Cluttering the minds of these principals are other recognizable names: Herod Antipas, a troubled king-guest of Pilate who now occupies the palace where he grew up, and his wife, Herodias (remember them for their beheading of John the Baptist); Claudia, the wife of Pilate, she who dreams and sees the future; Leah, wife of Caiaphas, who actively schemes and plots to support her husband and whose decisions pull him down, deeper into a conflict with his religion and the dominance of Rome; and Joseph of Arimathea, whose ideology urges him to offer his tomb as the place for the Christ. Joseph would be immortalized in many bas-reliefs and paintings as the man swaddling the Dead Christ as he takes him down from the Cross.
Between Caiaphas and Pilate, an uncanny détente would be formed because Rome is always represented by an emperor whose absolute power makes that person a madman. The two, however, are not prepared when a true madman becomes the emperor, the notorious Caligula appearing midway through the series.
As the makers weave the tales of the world after Christ or during the years presided by his teachings, the lines between history and the supposed inspirational memories of those people who lived in the era are blurred.
The actors are stellar. Richard Coyle as Caiaphas and Vincent Regan as Pontius Pilate are charming cads. Both play against the many caricatures available for them to imitate and share with us as rulers who are always undermined by events bigger than them.
Adam Levy as Peter is magnificent in his struggle to understand why he leads the followers of Christ. He is never ready to assume management of a band of men who are competing against each other in insecurities and lack of understanding. We root for them whenever they find the right path and soldier on with their decisions.
Joanne Whalley as Claudia, wife of Pontius Pilate, is always a sight and sound to behold. She used to be known as Joanne Whalley Kilmer, ex-wife of Val Kilmer, and was noted for films, such as Willow and Kill Me Again. For someone whose dreams are as powerful as they are real, her Claudia is equal to the Leah of Jodhi May. Whether in real historical times these two plotting wives did meet and broker a sisterhood does not matter. We love the message of women as the power behind the thrones of men. They sometimes make a difference.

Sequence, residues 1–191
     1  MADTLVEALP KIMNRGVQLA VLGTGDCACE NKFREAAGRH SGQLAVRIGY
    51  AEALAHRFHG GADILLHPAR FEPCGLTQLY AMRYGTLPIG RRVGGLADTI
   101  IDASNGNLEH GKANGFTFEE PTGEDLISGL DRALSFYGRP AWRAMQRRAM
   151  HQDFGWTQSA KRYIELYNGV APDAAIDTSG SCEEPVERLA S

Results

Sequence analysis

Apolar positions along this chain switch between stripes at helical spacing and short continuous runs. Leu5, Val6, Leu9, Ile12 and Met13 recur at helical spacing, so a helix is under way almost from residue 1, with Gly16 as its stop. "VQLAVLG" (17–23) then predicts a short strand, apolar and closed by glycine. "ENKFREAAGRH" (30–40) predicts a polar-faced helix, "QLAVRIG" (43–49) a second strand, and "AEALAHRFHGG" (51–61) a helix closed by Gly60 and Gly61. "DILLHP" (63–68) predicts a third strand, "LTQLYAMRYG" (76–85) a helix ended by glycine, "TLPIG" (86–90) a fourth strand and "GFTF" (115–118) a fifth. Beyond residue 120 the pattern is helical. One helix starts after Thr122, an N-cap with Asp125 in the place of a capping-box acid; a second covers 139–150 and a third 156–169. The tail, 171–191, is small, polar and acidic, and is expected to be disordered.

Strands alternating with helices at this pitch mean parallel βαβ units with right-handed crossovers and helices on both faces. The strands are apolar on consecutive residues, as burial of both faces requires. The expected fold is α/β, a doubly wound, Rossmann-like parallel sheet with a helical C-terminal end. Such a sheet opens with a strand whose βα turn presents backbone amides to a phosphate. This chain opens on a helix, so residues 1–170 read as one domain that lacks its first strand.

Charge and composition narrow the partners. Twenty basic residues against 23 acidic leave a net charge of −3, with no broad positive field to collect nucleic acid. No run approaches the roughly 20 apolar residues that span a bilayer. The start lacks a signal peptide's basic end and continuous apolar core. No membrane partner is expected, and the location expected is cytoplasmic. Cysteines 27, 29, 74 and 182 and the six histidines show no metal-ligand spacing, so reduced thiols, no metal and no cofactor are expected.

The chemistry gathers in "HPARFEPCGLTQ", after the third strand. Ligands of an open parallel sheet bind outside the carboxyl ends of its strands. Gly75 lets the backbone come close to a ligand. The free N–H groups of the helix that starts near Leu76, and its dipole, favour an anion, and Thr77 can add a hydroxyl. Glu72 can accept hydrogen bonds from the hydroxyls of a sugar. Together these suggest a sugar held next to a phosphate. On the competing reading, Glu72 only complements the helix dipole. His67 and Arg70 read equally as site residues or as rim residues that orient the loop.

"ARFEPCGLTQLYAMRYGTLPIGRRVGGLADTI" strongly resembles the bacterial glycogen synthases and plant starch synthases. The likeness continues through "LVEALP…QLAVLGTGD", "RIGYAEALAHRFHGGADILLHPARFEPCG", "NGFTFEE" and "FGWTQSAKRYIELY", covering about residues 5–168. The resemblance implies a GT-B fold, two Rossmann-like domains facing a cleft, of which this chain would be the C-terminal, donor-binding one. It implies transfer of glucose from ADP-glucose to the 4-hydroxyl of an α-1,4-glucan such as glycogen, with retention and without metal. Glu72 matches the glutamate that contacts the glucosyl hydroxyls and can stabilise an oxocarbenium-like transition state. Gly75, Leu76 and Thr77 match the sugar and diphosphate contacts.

There are impressionable filmic decisions in the series. One of them is to cast main personages like John and Mary Magdalene as black. Chipo Chung as Mary Magdalene and Babou Ceesay as John are quiet presences. Chung’s Mary Magdalene is imbued with active political power here and she escapes the allusion to her sinful past, which proves to be an unwanted modifier of a woman who emerges to be equal to the other men in the life of Christ.
What is cinema located in the Year of the Lord without Mary and Jesus. Here we have Greta Scacchi as Mother Mary who knows when to stop being dolorous and becoming the strong maternal support to the disciples. Scacchi’s Mary is elegant, compassionate and in full control of herself. Scacchi, a popular leading lady in the late 1980s and 1990s, is noted for her roles in Presumed Innocent, opposite Harrison Ford, and Shattered with Tom Berenger.
Jesus is played by an Argentine actor and singer, Juan Pablo Di Pace. He is the Christ as we imagine him as he was imagined by artists from the ancient and contemporary arts world. If there is a tradition maintained here, it is the fact that, like all the Christ of the past movies, Di Pace’s Redeemer has the best pair of eyes in the cinemas of Ancient Civilization.
A.D. Kingdom and Empire is created by Roma Downey and Mark Burnett. It is directed by Ciaran Donnelly, Tony Mitchell, Brian Kelly, Rob Evans and Paul Wilmshurst. To have a rare pleasure out of this film, may I suggest that you view another Netflix offering, the documentary Roman Empire, where you could know more about the madness of Caligula.